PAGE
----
Today’s edition of Han’s Worst Hits of the 70’s- selection is My Ding- A- Ling by the immortal Chuck Berry. This is such a rock tragedy. Chuck Berry was a musical God- he wrote some of the greatest rock ‘n roll songs ever- and the only song he had that went to #1 was this novelty number from 1972 that he didn’t even write.
Chuck Berry was certainly past his prime as a songwriter/ performer by the early 1970’s. My Ding- A- Ling was originally recorded and credited to Dave Bartholomew in 1952. The Chuck Berry #1 hit single version was a live recording- recorded on February 3, 1972 at the Lanchester Arts Festival in Coventry, England. A Boston DJ is credited with ‘discovering’ the recording and pushing it to #1- he received a gold record for his efforts.
Because of the sexual innuendo there were radio stations that refused to play it. Some stations not playing it didn’t hurt it any as it did reach #1 not only in the US but in the United Kingdom and Canada too. I remember as a teenager hearing it- it was funny the first couple times but the bottom line is it isn’t very good. I also find it tragically sad. Chuck Berry should have had- in the 1950’s a dozen #1’s at least. There is a great compilation album called “The Great Twenty-Eight”- [My Ding-A-Ling is not on that album} that I would recommend to someone who never heard rock n roll and wanted to know what is was. There isn’t a song on that album that shouldn’t have been a big hit- but in his career Berry only had a total of fourteen Top 40 hits. I have always thought if Chuck Berry had been born white he would have been bigger than Elvis. The prejudices of the 50’s no doubt hurt his career- no wonder he was a bitter, difficult man. He was certainly greater in my opinion. Again it is sad that they man who did songs like Johnny B. Goode, Roll Over Beethoven, Memphis, Tennessee, Sweet Little Sixteen and dozens of other great songs- only #1 was this bathroom humor garbage.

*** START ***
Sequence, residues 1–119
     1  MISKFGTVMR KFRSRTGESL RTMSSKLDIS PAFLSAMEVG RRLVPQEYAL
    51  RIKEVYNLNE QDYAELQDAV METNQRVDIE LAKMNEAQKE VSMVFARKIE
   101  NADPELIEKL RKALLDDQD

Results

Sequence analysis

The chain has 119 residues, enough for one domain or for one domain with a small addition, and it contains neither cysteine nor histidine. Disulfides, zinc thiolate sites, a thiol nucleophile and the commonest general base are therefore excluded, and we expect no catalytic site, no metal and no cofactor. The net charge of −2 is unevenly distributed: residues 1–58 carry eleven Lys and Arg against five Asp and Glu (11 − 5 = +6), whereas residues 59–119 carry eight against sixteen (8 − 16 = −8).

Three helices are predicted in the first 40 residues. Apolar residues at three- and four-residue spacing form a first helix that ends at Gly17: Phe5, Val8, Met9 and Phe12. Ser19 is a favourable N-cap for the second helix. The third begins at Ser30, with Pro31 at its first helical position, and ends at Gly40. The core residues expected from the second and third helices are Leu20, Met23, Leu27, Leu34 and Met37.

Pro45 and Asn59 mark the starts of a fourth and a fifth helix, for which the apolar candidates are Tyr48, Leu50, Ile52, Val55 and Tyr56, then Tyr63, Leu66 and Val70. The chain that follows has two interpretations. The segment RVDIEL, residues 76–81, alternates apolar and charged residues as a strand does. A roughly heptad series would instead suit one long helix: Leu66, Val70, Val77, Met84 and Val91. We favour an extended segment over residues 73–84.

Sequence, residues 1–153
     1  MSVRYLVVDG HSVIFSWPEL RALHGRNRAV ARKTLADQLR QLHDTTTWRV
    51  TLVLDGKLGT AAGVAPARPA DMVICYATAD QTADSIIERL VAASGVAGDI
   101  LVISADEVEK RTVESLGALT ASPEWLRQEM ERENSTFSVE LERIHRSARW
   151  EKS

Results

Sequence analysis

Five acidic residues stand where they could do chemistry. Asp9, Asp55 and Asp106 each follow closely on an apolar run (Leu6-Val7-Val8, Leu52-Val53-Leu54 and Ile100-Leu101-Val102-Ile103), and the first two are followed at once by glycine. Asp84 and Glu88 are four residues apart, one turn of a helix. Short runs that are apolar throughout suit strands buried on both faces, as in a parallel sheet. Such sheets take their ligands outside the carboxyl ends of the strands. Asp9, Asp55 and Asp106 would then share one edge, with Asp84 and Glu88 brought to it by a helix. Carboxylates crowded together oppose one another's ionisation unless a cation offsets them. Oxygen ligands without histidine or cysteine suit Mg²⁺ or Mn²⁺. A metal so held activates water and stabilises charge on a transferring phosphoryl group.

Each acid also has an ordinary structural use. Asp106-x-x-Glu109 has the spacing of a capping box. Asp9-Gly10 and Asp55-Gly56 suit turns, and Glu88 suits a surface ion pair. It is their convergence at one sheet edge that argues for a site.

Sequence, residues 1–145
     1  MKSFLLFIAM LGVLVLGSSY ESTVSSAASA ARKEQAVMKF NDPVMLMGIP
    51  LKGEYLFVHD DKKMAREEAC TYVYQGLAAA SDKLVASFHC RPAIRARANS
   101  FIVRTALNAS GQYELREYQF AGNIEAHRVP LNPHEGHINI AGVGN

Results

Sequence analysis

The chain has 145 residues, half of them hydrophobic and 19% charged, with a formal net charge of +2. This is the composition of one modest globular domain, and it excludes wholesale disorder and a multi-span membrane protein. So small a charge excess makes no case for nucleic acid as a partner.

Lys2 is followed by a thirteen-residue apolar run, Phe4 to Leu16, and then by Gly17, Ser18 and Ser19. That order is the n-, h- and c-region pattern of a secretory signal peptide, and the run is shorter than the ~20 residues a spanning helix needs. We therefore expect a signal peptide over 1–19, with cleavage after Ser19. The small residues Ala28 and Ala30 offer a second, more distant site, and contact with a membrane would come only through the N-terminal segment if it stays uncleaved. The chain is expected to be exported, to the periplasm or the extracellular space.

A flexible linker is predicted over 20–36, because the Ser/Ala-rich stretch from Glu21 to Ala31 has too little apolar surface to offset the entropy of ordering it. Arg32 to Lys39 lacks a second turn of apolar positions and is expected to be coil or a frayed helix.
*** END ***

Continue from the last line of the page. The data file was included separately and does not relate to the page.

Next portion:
The Dean of Rock Critics Robert Christgau has called Chuck “the greatest of the rock and rollers”, John Lennon famously said “if you tried to give rock and roll another name, you might call it “Chuck Berry.” Ted Nugent said “If you don’t know every Chuck Berry lick, you can’t play rock guitar.” Bob Dylan called Berry “the Shakespeare of rock ‘n’ roll.’ Upon his death Bruce Springsteen said “Chuck Berry was rock’s greatest practitioner, guitarist, and the greatest pure rock n’ roll writer who ever lived.”